2. Richard McCann

      The better example of whether a 20 year old with a Wildhorse address is more less likely to be pulled over than a 20 year old with an Oakland address. If you’re going to tell me that the one with an Oakland address is more likely to be involved in criminal activity, then you demonstrating the implicit bias that we are talking about in two ways. First you are tarring an entire class for the behavior of a few individuals over whom that class has no real control. That is bigotry. Second you are failing to acknowledge the reason why those few individuals are in situations that lead to their criminal activity which is the lack of access to economic opportunities caused by the larger discrimination against the class of which they are members. And the real question is whether this implicitly biased means of policing has any real effect on changing local criminal activity? No one has presented evidence that it does.

        1. Ron Oertel

          Unfortunately, it can be used that way.

          As can arrest and conviction numbers be improperly used to suggest “bias”.

          Of those two choices, I’d say that one predominates on here – by far.

  5. Bill Marshall

    Here might be a set of litmus tests for folk… how many times when you were ‘pulled over’?  Was it chance?  Was it a rightful/understandable stop?  What is you age and/or race?

    Been driving for 50 years… been ‘pulled over’ several times… all were ‘chance’, half were ‘understandable’… been cited 3 times (less than 50% of stops, rest were admitted errors, or ‘warnings), no arrests…

    Spouse, about same years driving, pulled over twice… neither were rightful, one marginally understandable…

    Oldest son, pulled over twice… one rightful… one was not understandable, one was rightful.  One arrest.

    Youngest son, either as driver or passenger, was ‘pulled over’ 6 times… one was understandable (heightened Picnic Day vigilance, by a police officer who was from out of City and County), but still ended with an arrest, 5 were not rightful/understandable stops… yet there were two citations…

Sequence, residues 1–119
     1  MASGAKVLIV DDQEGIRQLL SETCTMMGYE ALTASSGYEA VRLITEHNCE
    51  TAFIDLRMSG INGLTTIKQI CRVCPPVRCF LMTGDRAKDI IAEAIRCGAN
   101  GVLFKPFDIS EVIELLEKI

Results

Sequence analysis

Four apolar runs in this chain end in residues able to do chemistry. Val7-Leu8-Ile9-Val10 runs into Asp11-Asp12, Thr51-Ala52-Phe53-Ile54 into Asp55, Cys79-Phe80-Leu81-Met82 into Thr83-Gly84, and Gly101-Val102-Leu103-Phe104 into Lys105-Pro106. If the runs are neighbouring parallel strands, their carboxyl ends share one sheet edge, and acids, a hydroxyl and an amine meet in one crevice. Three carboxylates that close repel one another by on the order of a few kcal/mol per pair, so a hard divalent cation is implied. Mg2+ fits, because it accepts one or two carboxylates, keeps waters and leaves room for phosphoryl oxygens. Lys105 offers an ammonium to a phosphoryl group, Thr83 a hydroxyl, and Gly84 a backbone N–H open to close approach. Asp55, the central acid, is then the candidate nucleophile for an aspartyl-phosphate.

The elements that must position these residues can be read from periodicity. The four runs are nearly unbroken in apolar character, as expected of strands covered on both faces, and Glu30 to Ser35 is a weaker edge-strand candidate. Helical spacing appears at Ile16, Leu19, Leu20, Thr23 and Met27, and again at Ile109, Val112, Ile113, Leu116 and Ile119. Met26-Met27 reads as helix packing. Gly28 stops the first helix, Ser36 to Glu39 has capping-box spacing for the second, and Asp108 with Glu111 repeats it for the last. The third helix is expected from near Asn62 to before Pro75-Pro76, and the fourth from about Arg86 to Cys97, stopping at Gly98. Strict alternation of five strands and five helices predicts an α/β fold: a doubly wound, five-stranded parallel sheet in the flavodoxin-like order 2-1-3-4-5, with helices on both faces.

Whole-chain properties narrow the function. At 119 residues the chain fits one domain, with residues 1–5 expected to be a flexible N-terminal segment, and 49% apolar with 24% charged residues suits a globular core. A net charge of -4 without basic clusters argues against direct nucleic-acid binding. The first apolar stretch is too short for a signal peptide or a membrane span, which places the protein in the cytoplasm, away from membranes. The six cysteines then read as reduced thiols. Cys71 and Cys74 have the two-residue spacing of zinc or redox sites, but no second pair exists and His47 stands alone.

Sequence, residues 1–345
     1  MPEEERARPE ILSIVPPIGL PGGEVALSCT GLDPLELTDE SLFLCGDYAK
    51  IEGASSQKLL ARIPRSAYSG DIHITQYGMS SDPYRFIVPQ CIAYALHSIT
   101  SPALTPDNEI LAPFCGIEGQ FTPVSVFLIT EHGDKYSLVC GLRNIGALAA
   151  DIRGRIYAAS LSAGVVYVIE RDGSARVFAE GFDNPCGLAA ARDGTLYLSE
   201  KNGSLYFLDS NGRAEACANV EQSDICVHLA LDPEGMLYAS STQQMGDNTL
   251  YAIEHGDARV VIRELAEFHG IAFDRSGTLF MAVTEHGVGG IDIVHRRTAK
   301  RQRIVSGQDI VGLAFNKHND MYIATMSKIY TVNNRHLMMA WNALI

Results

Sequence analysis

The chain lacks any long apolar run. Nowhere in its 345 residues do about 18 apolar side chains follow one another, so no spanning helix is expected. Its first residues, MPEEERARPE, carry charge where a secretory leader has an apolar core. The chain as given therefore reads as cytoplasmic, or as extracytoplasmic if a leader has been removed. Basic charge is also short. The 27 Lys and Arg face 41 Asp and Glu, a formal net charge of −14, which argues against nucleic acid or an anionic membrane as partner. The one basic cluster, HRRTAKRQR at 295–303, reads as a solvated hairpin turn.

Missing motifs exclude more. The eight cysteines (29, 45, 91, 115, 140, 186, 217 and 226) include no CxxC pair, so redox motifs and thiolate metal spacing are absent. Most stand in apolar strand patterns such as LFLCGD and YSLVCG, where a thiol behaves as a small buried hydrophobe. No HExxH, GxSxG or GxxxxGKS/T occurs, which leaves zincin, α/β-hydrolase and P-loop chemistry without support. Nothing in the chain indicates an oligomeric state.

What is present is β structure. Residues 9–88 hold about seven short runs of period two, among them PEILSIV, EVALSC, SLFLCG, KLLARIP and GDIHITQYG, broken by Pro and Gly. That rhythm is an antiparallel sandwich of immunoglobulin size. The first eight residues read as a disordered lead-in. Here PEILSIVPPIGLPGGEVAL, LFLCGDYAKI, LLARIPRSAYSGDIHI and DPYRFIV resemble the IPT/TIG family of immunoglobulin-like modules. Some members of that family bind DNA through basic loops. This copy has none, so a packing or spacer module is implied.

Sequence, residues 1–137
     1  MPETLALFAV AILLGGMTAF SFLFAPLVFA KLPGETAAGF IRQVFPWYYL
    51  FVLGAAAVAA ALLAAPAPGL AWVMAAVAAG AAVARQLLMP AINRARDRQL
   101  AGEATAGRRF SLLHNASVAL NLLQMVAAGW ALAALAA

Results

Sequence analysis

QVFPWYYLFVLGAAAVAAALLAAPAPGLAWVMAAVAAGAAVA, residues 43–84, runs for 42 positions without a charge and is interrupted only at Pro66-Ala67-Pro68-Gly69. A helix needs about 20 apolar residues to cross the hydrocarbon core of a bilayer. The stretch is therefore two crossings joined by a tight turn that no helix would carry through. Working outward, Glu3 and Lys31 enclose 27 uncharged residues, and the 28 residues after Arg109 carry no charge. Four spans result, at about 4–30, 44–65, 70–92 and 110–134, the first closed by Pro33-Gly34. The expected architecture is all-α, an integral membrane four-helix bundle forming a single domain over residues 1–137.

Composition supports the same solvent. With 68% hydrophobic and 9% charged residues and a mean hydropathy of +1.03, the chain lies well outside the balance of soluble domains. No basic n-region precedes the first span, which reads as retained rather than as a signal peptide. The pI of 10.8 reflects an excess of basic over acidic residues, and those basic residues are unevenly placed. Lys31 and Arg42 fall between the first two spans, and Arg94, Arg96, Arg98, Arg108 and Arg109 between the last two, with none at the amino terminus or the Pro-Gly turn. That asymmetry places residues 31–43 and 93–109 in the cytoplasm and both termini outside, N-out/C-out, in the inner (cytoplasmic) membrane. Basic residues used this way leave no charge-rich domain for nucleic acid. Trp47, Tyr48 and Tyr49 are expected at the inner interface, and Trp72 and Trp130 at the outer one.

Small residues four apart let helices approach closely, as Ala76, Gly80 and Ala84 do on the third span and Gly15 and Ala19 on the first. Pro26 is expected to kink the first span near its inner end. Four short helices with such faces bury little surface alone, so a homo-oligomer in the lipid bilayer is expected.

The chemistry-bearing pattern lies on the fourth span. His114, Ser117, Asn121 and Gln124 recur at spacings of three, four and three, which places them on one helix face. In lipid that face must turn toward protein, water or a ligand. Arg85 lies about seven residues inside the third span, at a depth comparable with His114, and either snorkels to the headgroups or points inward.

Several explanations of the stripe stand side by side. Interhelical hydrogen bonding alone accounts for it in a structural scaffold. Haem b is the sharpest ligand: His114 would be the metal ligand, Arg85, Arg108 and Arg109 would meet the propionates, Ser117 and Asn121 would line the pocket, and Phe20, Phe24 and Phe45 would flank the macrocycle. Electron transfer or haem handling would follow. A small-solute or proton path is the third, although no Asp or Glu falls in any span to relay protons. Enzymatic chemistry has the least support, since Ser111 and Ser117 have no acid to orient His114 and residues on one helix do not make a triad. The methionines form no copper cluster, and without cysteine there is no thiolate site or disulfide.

Daughter… one stop, neither rightful, nor understandable… no citation, no arrest.

    We’re all ‘white’… for our kids, all were youths/young adults…

    Others folk results may vary.

    “Chance” is funny… have flipped coins 3 times in a row, all ‘heads’… completely within ‘probability’…

    Unless egregious problems with person or vehicle, being pulled over is usually ‘chance’ in our experience… being “hassled” and or cited when pulled over is real… gets more to ‘individual police officer mentality’… not systemic, unless you add young white males to the “bias”… many police officers are great… many more are average… some are complete jerks, A-H’s.

    Not sure the word ‘systemic’ is fully appropriate… chance and stats (which can be manipulated if you are “looking for” confirmation [known as “confirmation bias”]) are also factors… not denying that “stuff” doesn’t happen, but attributing ‘causality’, definitively, is another matter… there are real problems… we need to truly address the roots of them… and use “Roundup”, a topical chemical that is indeed a ‘systemic’, and kills invasive weeds down to the roots…

    1. Richard McCann

      I’ve been pulled over 4 times I think, every time for violating a traffic law, the last time before I was 30.

      Here’s a study showing Blacks are pulled over 20% more often and searched more often than whites.

      https://www.cnn.com/2019/03/21/us/police-stops-race-stanford-study-trnd/index.html

      Under Ron O’s thesis, we should be acting to create a police state centered around surveillance of Blacks to suppress the crime rate. This study shows that’s what is happening now.

    2. Alan Miller

      Here might be a set of litmus tests for folk… how many times when you were ‘pulled over’?  Was it chance?  Was it a rightful/understandable stop?

      How many hours do you have?

  6. Bill Marshall

    The problem, Ron O, is that data is based on “observations”, and those can be influenced by the observer in two ways… sometimes to measure something is to influence it… and the one observing/measuring can have ‘bias’… like “proving”/substantiating their theory… basic caveats in ‘real science’…

    Not sure about ‘political’/’social’ “science”… I’ve seen many instances where social/political science folk have inherent bias in demonstrating “inherent bias”… go figure… I dropped a Socio class after the second day, in college, when the lecturor strongly demonstrated that… I aced a Poly Sci class (upper division) by telling truth, and yet 90% of the class “pooh-pooh”-ed me… the instructor realized I was talking facts/experiences (guess he found that ‘refreshing’)… the vast majority of the class had neither… only personal philosophy and personal theories… the class subject was ‘government’…

  7. Tia Will

    agree with the thoughts of a middle-aged black man that I saw on the news the other night, stating that those communities are primarily responsible for solving that problem. I don’t think anyone else is going to do it for them.”